In his takedown notice, Scott writes that it’s considered vitally important in psychiatry for patients to know almost nothing about their doctors, beyond their names and their areas of expertise. That caused me to wonder: OK, but doesn’t the world already have enough psychiatrists who are ciphers to their patients?  Would it be so terrible to have one psychiatrist with a clear public persona—possibly even one who patients sought out because of his public persona, because his writings gave evidence that he’d have sympathy or insight about their conditions?  To become a psychiatrist, does one really need to take a lifelong vow of boringness—a vow never to do or say anything notable enough that one would be “outed” to one’s patients?  What would Freud, or Jung, or any of the other famous therapist-intellectuals of times past have thought about such a vow?

Scott also mentions that he’s gotten death threats, and harassing calls to his workplace, from people who hate him because of his blog (and who found his real name by sleuthing). I wish I knew a solution to that. For what it’s worth, my blogging has also earned me a death threat, and threats to sue me, and accusatory letters to the president of my university—although in my case, the worst threats came neither from Jew-hating neo-Nazis nor from nerd-bashing SJWs, but from crackpots enraged that I wouldn’t use my blog to credit their proof of P≠NP or their refutation of quantum mechanics.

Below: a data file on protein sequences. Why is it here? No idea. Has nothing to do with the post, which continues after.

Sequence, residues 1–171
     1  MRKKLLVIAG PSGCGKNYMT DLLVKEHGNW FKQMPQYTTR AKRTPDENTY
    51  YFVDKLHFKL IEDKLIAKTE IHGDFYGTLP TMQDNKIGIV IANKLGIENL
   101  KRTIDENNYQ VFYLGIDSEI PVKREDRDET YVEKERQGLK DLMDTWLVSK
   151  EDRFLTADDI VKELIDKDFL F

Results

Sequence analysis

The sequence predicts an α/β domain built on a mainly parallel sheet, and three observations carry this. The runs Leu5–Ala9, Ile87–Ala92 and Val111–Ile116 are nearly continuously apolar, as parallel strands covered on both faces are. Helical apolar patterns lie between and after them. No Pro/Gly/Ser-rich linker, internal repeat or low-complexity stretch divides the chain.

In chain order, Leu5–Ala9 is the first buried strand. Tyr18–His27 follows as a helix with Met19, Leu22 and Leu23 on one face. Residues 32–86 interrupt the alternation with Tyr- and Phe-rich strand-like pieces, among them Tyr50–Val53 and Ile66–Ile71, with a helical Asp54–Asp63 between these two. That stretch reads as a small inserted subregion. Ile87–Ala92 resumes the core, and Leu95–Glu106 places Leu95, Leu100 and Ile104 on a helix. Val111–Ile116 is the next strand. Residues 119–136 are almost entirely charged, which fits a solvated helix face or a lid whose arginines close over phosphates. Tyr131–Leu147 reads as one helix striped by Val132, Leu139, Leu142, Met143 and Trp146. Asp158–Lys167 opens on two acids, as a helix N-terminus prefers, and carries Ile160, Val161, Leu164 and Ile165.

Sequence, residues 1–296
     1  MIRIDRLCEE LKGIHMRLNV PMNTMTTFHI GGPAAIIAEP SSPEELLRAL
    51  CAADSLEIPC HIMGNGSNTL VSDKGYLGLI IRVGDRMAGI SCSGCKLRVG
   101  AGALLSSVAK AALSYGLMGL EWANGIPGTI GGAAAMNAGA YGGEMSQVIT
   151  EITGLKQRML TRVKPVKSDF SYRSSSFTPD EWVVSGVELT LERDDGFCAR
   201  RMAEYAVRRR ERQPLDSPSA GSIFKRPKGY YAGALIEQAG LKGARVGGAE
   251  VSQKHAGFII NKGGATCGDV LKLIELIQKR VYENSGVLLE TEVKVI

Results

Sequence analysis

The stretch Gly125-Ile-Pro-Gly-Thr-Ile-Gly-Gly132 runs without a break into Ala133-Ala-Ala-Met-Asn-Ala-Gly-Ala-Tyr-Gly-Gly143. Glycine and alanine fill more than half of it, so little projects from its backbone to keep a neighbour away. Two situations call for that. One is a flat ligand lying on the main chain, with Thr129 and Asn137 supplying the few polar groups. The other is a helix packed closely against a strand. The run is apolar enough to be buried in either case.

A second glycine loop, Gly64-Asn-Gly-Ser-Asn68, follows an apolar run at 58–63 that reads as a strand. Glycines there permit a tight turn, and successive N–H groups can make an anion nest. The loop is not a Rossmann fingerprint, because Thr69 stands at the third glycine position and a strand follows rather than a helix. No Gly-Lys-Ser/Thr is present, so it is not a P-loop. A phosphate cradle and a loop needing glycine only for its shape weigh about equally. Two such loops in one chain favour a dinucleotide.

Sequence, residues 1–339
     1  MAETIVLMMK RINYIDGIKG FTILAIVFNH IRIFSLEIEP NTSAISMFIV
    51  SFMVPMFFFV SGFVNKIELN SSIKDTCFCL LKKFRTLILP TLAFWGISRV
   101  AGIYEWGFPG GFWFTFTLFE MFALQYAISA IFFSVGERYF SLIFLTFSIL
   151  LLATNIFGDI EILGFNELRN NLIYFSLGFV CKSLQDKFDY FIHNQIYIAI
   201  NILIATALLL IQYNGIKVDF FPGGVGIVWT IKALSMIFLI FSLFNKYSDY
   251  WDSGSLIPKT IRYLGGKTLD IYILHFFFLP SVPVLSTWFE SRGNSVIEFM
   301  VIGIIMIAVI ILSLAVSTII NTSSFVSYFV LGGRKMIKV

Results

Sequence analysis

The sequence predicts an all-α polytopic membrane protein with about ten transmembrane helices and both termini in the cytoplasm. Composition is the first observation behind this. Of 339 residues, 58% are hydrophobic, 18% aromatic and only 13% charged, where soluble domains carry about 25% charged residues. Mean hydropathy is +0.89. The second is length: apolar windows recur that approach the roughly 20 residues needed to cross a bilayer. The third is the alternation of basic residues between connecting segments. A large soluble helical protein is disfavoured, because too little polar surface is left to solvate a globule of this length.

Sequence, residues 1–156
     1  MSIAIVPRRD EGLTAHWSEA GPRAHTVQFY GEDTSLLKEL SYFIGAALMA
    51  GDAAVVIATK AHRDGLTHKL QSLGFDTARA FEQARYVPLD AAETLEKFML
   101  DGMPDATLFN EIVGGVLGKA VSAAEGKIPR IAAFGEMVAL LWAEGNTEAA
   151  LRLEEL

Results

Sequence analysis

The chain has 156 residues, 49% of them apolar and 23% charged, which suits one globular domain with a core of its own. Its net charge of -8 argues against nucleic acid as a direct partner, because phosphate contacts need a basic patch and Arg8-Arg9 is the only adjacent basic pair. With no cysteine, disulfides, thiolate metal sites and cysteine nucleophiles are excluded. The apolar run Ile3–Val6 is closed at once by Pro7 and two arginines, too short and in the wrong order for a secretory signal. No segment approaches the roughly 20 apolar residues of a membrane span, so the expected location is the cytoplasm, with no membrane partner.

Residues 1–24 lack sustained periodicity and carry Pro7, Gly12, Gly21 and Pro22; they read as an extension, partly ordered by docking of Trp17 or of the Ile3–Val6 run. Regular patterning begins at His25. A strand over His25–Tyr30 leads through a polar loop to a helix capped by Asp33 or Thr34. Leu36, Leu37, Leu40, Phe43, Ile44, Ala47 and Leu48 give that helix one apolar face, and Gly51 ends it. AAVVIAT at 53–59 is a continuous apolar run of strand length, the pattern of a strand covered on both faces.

When I started Shtetl-Optimized back in 2005, I remember thinking: this is it.  From now on, the only secrets I’ll have in life will be ephemeral and inconsequential ones.  From this day on, every student in my class, every prospective employer, every woman who I ask on a date (I wasn’t married yet), can know whatever they want to know about my political sympathies, my deepest fears and insecurities, any of it, with a five-second Google search.  Am I ready for that?  I decided that I was—partly just because I‘ve never had the mental space to maintain multiple partitioned identities anyway, to remember what each one is or isn’t allowed to know and say!  I won’t pretend that this is the right decision for everyone, but it was my decision, and I stuck with it, and it wasn’t always easy but I’m still here and so evidently are you.

I’d be overjoyed if Scott Alexander were someday to reach a place in his life where he felt comfortable deciding similarly.  That way, not only could he enjoy the full acclaim that he’s earned for what he’s given to the world, but (much more importantly) his tens of thousands of fans would be able to continue benefitting from his insights.

For now, though, the brute fact is that Scott is obviously not comfortable making that choice.  That being so, it seems to me that, if the NYT was able to respect the pseudonymity of Banksy and many others who it’s reported on in the past, when revealing their real names would serve no public interest, then it should also be able to respect Scott Alexander’s pseudonymity.  Especially now that Scott has sent the most credible signal imaginable of how much he values that pseudonymity, a signal that astonished even me.  The world does not exist only to serve its rare geniuses, but surely it can make such trivial concessions to them.

AirToAll: Another guest post by Steve Ebin

Monday, April 20th, 2020